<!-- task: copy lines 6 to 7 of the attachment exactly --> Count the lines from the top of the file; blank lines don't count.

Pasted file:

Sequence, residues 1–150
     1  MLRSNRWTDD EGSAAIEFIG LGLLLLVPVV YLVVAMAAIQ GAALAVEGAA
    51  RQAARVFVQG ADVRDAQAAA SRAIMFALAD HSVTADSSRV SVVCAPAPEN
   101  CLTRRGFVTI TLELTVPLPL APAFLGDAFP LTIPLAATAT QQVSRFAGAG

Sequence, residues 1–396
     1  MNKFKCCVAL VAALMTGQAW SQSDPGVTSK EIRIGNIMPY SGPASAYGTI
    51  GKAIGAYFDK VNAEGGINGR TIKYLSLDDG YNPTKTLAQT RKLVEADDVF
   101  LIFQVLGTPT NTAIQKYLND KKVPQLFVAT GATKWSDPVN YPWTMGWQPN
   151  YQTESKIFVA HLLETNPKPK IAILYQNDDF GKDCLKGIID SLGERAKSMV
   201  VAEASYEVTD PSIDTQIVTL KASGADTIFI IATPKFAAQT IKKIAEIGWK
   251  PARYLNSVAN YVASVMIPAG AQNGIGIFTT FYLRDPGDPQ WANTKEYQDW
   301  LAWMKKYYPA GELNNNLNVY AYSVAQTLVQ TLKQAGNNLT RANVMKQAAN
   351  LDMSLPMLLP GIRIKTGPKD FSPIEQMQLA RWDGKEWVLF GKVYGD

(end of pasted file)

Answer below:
     1  MNKFKCCVAL VAALMTGQAW SQSDPGVTSK EIRIGNIMPY SGPASAYGTI
    51  GKAIGAYFDK VNAEGGINGR TIKYLSLDDG YNPTKTLAQT RKLVEADDVF